Innovative, cottage manufacturers continue to offer great new ultralight products to make your life better in the backcountry. Here are a few I have added to my pack recently.
For Better Cat Holes
I do enough off trail travel to camp at spots without established toilet facilities. That means digging cat holes. For a long time I carried a standard orange plastic digging trowel that weighed about 4 oz.. Mike Cleland’s Ultralight book converted me to carrying an extra aluminum “Y” tent stake – 0.6 oz. It’s much lighter and can scratch out holes after a fashion. But where there is dense vegetation root structure, the resulting holes leave something to be desired. I found a new supplier of ultralight gear who makes some nice products. Now a Lawson Equipment aluminum Potty Trowel – 1.3 oz. – comes on all trips. It has a nice grip. The blade cuts roots well and it really moves dirt to make a hole that is big enough to work properly. That’s a lot of improved function for an extra 0.7 oz. and a best buy at $10.
Multipurpose titanium tent stakes
There was a time when I felt the cost of titanium tent stakes was not worth the weight saved. That was before I started also using them as cooking appliances. And before I looked at Lawson Equipment’s offerings. They sell tough Ti stakes in a variety of diameters and sometimes lengths. I have four 8″ lightweight stakes in the little sack holding my small 5′ x 5′ sil-nylon general purpose tarp. Weighing 6.7 oz., including the stakes, this tarp package frequently gets packed as a general purpose emergency, lunch, cooking or equipment rain shelter. Lawson doesn’t seem to be offering the 8″ length any more, so settle for 7″. I have some of their 7″ HD stakes for use as pot supports for my cone cooking windscreen. Inserted in the lower vent holes they will hold a pot higher for more even heat distribution or less alcohol burner thermal feedback when dry baking. Placed on top of the windscreen, they form a platform for my heat diffuser for making pancakes or just toasting bagels. I don’t worry about the stakes melting or carbonizing at higher isobutane flame temperatures. At 0.25 to 0.4 oz. each, I carry them as needed.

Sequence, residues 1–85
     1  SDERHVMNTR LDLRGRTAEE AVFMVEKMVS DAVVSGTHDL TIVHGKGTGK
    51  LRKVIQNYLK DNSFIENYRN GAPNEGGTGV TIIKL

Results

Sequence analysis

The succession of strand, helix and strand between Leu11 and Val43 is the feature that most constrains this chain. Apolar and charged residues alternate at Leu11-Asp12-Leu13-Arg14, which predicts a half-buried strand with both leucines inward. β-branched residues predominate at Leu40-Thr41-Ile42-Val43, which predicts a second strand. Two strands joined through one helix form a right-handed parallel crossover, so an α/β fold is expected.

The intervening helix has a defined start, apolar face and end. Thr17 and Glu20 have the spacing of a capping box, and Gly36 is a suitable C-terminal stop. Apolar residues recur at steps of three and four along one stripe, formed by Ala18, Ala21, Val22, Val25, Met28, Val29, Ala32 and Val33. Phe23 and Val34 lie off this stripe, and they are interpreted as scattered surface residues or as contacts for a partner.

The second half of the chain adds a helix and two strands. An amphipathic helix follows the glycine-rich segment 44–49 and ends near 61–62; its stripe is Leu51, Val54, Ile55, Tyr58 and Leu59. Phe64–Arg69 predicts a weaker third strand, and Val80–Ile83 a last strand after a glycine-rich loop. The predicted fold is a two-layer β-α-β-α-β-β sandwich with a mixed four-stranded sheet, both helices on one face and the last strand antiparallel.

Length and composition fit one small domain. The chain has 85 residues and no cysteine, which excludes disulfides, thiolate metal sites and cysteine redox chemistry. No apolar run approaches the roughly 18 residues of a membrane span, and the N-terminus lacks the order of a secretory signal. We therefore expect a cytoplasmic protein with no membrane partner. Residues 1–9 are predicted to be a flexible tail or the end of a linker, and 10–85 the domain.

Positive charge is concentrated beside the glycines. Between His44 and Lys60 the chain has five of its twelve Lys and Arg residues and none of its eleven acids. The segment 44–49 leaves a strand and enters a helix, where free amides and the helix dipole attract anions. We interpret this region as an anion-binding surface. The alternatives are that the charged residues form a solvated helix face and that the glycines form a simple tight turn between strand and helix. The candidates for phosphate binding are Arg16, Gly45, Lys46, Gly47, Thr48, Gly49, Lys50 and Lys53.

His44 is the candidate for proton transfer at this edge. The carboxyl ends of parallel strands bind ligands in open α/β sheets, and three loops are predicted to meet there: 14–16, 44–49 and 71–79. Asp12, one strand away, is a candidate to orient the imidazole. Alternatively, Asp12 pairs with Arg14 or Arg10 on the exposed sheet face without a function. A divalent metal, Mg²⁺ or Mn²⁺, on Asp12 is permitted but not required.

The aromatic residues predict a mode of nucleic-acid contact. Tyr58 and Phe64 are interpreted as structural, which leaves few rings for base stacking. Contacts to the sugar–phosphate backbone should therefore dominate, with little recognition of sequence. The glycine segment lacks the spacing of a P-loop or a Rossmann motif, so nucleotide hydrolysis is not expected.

After totally loosing a pair on a trip a year ago, I concluded that plain titanium stakes become invisible when dropped on the ground. Consequently all my stakes have the top 2-1/2″ coated with orange, very high temperature, silica-ceramic exhaust header spray paint. Available at your local auto supply store, this paint is cured in your oven and rated for temperatures up to 2000 deg. F. I worry about neither burning the paint off or loosing the stakes when I drop them.
Stretchy pot straps
I’m not sure what to call them. Litesmith calls them cross bands. But they really work. My cooking gear is organized to pack inside my titanium pots. The pots then fit in my cozy containers before going in my pack. In the past I used rubber bands or velcro straps to keep everything together. Neither solution was that great. The Litesmith cross bands are perfect. I have several in different sizes for my various pot selections. Litesmith also carries a wide selection of other “must have” ultralight products from tent line adjusters, micro line toggles, many sizes of small bottles and containers, and “pince nez” style reading glasses.